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hail HYDRA | by maryann johanson

Hit Girl hysteria…

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…where are the women at Cannes, the politics of hair, and more.

Yes, it’s The Week in Women — or, rather, last week’s Week in Women, finally — my regular column over at the Alliance of Women Film Journalists. Enjoy.


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  • http://bit.ly/by1OK2 Squashua

    I called Hit Girl hysteria a while back, referencing the Disney purchase of Marvel:

    http://bit.ly/by1OK2

  • gensing

    When I read the NYT headline “Unshaven Women – Free Spirits or Unkempt?” my first reaction was “are those the only two choices? Really??”

    How about this… “Shaven Women – Self-mutilators or Obsessive-Compulsives?”

  • Mo

    The limitations of how female human beings are depicted onscreen gets thrown into even sharper relief when we consider why some women fans of the genre like Hit Girl: She’s a strong character who hasn’t been sexualized, they say. Hasn’t been sexualized? She’s 11! If the only way a female character in such a role can escape overt sexualization is to be prepubescent, then we’re in even worse shape than I thought we were.

    Oh, it’s that bad and far, far worse in a way that does my head in: some critics who have been bashing her have been doing so specifically because they feel it sexualizes her. *coughDailyMailcough*

    And I quote:

    The movie’s writers want us to see Hit-Girl not only as cool, but also sexy, like an even younger version of the baby- faced Oriental assassin in Tarantino’s Kill Bill 1. Paedophiles are going to adore her…As if that isn’t exploitative enough, she’s also shown in a classic schoolgirl pose, in a short plaid-skirt with her hair in bunches, but carrying a big gun.

    The message is, if you’re a girl and you want to dress up like a superhero (or a schoolgirl), however modestly, you are automatically sexualized by your role, no matter what age you are. So that is why little boys are “allowed” to be superheroes but not little girls.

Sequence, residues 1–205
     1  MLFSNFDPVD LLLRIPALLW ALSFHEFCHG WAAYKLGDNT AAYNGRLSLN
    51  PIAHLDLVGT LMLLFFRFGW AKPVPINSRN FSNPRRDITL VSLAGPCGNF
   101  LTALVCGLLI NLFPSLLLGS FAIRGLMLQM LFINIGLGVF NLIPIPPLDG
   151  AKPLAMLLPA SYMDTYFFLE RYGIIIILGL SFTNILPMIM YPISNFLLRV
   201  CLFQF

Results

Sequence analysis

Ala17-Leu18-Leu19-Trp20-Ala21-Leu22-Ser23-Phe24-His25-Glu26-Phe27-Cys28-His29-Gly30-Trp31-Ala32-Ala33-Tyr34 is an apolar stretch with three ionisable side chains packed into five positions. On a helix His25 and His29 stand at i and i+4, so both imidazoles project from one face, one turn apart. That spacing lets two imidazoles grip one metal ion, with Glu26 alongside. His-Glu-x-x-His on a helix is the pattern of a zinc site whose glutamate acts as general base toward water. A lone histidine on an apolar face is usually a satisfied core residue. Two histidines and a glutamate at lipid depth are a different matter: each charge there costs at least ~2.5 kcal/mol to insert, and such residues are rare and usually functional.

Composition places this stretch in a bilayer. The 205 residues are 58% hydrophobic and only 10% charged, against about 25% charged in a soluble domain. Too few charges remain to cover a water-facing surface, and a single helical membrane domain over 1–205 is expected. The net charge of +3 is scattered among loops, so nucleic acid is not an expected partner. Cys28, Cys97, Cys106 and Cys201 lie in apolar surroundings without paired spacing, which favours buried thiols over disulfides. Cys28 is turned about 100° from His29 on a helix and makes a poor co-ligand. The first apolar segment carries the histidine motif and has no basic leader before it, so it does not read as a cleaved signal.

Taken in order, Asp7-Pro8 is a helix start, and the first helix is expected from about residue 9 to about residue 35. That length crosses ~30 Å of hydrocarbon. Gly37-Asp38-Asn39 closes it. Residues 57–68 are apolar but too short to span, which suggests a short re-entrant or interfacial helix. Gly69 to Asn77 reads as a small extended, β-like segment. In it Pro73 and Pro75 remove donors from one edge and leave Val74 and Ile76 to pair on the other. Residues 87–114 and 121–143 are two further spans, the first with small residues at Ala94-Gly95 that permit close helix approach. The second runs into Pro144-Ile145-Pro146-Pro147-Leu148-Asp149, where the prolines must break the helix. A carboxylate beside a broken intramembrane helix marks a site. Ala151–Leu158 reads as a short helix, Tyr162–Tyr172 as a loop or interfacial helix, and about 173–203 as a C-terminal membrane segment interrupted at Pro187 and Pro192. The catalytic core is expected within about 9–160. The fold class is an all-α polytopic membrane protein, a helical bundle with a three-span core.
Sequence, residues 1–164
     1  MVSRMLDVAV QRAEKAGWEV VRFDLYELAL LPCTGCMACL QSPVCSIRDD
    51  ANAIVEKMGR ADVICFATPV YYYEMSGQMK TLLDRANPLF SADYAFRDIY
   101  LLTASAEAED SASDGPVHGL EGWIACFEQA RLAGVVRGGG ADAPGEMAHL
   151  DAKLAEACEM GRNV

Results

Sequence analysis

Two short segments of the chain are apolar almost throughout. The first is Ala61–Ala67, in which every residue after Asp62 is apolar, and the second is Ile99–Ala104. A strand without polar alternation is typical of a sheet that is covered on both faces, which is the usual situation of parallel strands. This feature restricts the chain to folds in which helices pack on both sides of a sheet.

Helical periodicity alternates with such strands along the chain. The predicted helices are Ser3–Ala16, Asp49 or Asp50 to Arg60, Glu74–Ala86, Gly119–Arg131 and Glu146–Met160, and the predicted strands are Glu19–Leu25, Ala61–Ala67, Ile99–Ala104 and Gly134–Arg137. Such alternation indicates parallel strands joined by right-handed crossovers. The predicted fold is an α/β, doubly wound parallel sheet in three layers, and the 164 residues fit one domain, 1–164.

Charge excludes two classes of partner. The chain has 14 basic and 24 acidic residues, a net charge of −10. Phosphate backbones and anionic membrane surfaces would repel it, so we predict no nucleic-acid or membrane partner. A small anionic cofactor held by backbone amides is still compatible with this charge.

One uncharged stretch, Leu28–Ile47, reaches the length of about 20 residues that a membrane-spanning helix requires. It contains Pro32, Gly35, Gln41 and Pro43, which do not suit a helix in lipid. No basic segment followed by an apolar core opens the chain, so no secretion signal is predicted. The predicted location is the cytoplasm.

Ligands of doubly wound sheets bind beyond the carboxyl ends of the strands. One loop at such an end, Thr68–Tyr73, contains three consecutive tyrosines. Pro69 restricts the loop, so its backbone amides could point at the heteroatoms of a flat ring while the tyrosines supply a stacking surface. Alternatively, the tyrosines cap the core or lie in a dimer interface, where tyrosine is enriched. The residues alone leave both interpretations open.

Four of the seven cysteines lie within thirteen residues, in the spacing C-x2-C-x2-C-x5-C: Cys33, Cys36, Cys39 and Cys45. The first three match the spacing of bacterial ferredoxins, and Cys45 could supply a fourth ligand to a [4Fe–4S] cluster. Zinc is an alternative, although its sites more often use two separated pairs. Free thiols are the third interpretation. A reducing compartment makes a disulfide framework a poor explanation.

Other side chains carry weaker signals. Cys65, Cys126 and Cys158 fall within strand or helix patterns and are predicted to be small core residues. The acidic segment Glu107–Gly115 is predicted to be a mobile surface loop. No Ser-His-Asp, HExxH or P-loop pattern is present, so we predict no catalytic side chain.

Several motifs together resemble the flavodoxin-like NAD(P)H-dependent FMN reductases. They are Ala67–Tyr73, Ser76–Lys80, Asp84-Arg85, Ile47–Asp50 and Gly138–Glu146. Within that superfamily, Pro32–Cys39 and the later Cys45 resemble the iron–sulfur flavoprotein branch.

Thank goodness no one told me or my sister that back in the days when we had to wear school uniforms and weren’t above playing with toy guns. Apparently the mere act of holding a toy gun would have made us pedophile bait because girls can’t hold a gun without it being sexualized.

    Wow. I really hate the world today.

  • http://paulliver.livejournal.com/ Paul

    It’s the creeping towards “ick” factor. They had 25 year old actresses, but then a 22 year old came along and men drooled so we have a lot of 22 year olds, then a 20 year old comes along and men drool so we get a lot more twenty year olds, then an 18 year old, then a 16 year old …

    It’s the same way with men and muscles. The heroes of black and white films don’t look all that kick ass, really. But the next guy comes along looking a little more kick ass, then a little more kick ass, until eventually I suspect the action hero actors probably spend more time lifting weights than memorizing lines.

  • http://toniokruger.blogspot.com Tonio Kruger

    When I read the NYT headline “Unshaven Women – Free Spirits or Unkempt?” my first reaction was “are those the only two choices? Really??”

    How about this… “Shaven Women – Self-mutilators or Obsessive-Compulsives?”

    Ironically, that second headline promotes the notion that this aspect of a woman’s appearance is anyone’s business save that of the woman herself as much as the original headline does.

    How about this: “Professional Journalists Reveal Bizarre Obsession with Women’s Body Hair.” Now there’s a headline I’d like to see.

    It’s the creeping towards “ick” factor. They had 25 year old actresses, but then a 22 year old came along and men drooled so we have a lot of 22 year olds, then a 20 year old comes along and men drool so we get a lot more twenty year olds, then an 18 year old, then a 16 year old …

    Actually, I suspect there was never some magic golden age when men didn’t drool over young women of a less than respectable age–just times when people were less prone to call attention to it.

    Indeed, it’s surprising to note how many of the cute dancing-girl routines in old movies were performed by women who look like adults to most untrained eyes but were actually teenagers at the time of filming. Betty Gable first got her start in musicals when she was still a teenager and Paula Goddard played Charlie Chaplin’s love interest in Modern Times when she was still in her mid-teens.

    But, yes, we can all agree that attempting to sexualize eleven-year-old girls is indeed pushing it.

    And yet I can’t help wondering how many objections are being written by the same people who considered the final dance routine of Little Miss Sunshine to be oh so cute. Didn’t that scene involve sexualizing an under-age actress? Or did it not count because so many critics considered it funny?

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